Practical implications

The issues discussed in the papers have important implications for understanding women's experience of work and organizations. They highlight the need to introduce a structural and systemic element to the understanding of how women experience work at senior (and other) levels of organizations, why they take the decision to leave a senior position and why women appear to “choose” not to seek senior positions.

Originality/value

Gender and Management: An International Journal invited this special issue on meritocracy, difference and choice to draw attention to the ways in which women draw on these discourses as a means of understanding their organizational situations and how use of these discourses acts to conceal the structural and systemic element connected to their work experiences.

Details

Gender in Management: An International Journal, vol. 25 no. 3
Type: Research Article
ISSN: 1754-2413

Keywords

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Article
Publication date: 6 May 2014

Doyin Atewologun and Ruth Sealy

In management studies, assumptions surround the fixed, categorical and binary nature of male, ethnic and other privileges. Compared to white, middle-class men, “others”…

Abstract

Purpose

In management studies, assumptions surround the fixed, categorical and binary nature of male, ethnic and other privileges. Compared to white, middle-class men, “others” are typically assumed not to experience privilege. The authors counter this assumption by applying intersectionality to examine privilege's juxtaposition with disadvantage. The paper offers an elaborated conceptualisation of organisational privilege and insight into the agency employed by individuals traditionally perceived as non-privileged. The paper aims to discuss these issues.

Design/methodology/approach

Using diaries and interviews, the paper analyses 20 micro-episodes from four senior minority ethnic women and men's accounts of intersecting ethnic, gender and senior identities. The paper identifies how privilege plays out at the juxtaposition of (male gender and hierarchical) advantage with (female gender and ethnic) disadvantage.

Findings

The fluidity of privilege is revealed through contextual, contested and conferred dimensions. Additionally, privilege is experienced in everyday micro-level encounters and the paper illustrates how “sometimes privileged” individuals manage their identities at intersections.

Research limitations/implications

This in-depth analysis draws on a small sample of unique British minority ethnic individuals to illustrate dimensions of privilege.

Practical implications

It is often challenging to discuss privilege. However, the focus on atypical wielders of power challenges binary assumptions of privilege. This can provide a common platform for dominant and non-dominant group members to share how societal and organisational privileges differentially impact groups. This inclusive approach could reduce dominant group members’ psychological and emotional resistance to social justice.

Originality/value

Through bridging privilege and intersectionality perspectives, the paper offers a complex and nuanced perspective that contrasts against prevalent conceptions of privilege as invisible and uncontested.

Details

Journal of Managerial Psychology, vol. 29 no. 4
Type: Research Article
ISSN: 0268-3946

Keywords

Content available
Article
Publication date: 1 November 2016

Adelina Broadbridge and Sharon Anne Mavin

Abstract

Details

Gender in Management: An International Journal, vol. 31 no. 8
Type: Research Article
ISSN: 1754-2413

Content available
Article
Publication date: 4 November 2013

Abstract

Details

Gender in Management: An International Journal, vol. 28 no. 8
Type: Research Article
ISSN: 1754-2413

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Article
Publication date: 14 May 2018

This paper aims to review the latest management developments across the globe and pinpoint practical implications from cutting-edge research and case studies.

Abstract

Purpose

This paper aims to review the latest management developments across the globe and pinpoint practical implications from cutting-edge research and case studies.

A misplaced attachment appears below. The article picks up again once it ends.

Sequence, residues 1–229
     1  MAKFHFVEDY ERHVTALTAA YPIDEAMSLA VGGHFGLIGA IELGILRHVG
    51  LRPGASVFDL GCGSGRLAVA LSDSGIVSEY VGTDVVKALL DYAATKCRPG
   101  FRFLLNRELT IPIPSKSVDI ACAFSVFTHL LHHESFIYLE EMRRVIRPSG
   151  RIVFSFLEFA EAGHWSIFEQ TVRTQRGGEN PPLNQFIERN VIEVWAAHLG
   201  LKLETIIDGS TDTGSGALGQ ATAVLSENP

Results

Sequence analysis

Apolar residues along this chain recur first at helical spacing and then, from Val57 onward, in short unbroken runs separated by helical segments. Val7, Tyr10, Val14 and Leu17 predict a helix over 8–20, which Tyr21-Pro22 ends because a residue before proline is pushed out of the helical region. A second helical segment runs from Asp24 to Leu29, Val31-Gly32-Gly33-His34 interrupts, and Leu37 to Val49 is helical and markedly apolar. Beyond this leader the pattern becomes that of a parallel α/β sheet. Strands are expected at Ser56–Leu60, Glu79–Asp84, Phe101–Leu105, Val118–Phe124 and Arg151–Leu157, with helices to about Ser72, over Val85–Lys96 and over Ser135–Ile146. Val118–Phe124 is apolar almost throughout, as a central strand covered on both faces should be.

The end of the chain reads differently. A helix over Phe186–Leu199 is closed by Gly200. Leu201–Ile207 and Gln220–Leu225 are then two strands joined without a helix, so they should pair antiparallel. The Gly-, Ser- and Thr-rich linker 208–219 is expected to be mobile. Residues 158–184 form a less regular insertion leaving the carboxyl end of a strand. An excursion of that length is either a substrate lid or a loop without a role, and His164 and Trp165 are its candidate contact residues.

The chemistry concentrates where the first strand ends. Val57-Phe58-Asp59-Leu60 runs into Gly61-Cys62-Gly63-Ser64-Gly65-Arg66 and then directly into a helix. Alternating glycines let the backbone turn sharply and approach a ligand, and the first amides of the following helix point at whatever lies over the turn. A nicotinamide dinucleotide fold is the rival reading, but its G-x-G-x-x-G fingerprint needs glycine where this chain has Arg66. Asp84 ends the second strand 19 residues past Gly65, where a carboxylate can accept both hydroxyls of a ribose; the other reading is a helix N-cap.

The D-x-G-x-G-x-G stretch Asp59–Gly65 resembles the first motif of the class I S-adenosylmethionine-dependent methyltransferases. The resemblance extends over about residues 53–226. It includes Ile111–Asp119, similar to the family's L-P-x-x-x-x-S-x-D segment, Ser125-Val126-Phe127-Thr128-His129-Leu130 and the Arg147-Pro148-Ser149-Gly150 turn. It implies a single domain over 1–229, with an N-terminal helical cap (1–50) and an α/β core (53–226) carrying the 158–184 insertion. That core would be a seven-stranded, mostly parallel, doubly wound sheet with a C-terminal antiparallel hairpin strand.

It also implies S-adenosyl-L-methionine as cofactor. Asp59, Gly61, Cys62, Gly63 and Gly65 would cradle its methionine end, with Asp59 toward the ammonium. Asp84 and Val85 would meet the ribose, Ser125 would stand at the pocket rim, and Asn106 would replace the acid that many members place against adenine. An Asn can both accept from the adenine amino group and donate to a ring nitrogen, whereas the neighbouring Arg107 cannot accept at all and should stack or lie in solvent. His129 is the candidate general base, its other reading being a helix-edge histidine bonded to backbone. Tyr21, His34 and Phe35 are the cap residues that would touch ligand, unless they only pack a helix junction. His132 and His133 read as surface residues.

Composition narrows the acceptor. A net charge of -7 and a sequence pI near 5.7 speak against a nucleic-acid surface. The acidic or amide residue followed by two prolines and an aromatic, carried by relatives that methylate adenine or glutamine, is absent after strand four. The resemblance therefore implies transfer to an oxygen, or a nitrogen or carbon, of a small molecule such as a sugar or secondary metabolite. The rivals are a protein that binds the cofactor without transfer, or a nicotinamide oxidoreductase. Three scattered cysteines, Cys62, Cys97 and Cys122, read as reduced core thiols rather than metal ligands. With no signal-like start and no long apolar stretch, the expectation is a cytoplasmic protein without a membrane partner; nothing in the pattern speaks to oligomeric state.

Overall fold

Design/methodology/approach

This briefing is prepared by an independent writer who adds their own impartial comments and places the articles in context.

Findings

Does ambition differ between men and women? This question is fraught with danger on so many levels, and perhaps as a result it remains rather a taboo issue. The traditional, patriarchal “Mad Men” view is that men are more ambitious than women and more successful, but that women are “changing” and transporting their competitiveness into the workplace. Thankfully, things have moved on since then, although by how much is perhaps another moot point.

Practical implications

The paper provides strategic insights and practical thinking that have influenced some of the world’s leading organizations.

Originality/value

The briefing saves busy executives and researchers hours of reading time by selecting only the very best, most pertinent information, and presenting it in a condensed and easy-to-digest format.

Details

Human Resource Management International Digest, vol. 26 no. 3
Type: Research Article
ISSN: 0967-0734

Keywords

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Book part
Publication date: 7 December 2017

Eva Tutchell and John Edmonds

Abstract

Details

The Stalled Revolution: Is Equality for Women an Impossible Dream?
Type: Book
ISBN: 978-1-78714-602-0

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Article
Publication date: 10 May 2011

Susan Vinnicombe

The purpose of this paper is to provide a reflection on the author's earlier paper published in Gender in Management: An International Journal (formerly Women in

Abstract

Purpose

The purpose of this paper is to provide a reflection on the author's earlier paper published in Gender in Management: An International Journal (formerly Women in Management Review) in 2003 titled “Locks and keys to the boardroom”.

Design/methodology/approach

The paper is examined in the context of current research and writing on women on boards.

Findings

The 2003 paper built on the authors' previous research and writing and informed their current research activities. In addition, the 2003 paper reflected an emerging interest in women on boards and the factors leading to their success.

Practical implications

The paper finds that the organisation featured in the original article did not turn out to be a tipping point in terms of women appointed to directors. Very little progress has taken place in the past eight years in terms of numbers of women on top boards, but the Davies report (2011) should prompt change.

Originality/value

The paper indicates that a great deal of research has developed since 2003 studying women on boards.

Details

Gender in Management: An International Journal, vol. 26 no. 3
Type: Research Article
ISSN: 1754-2413

Keywords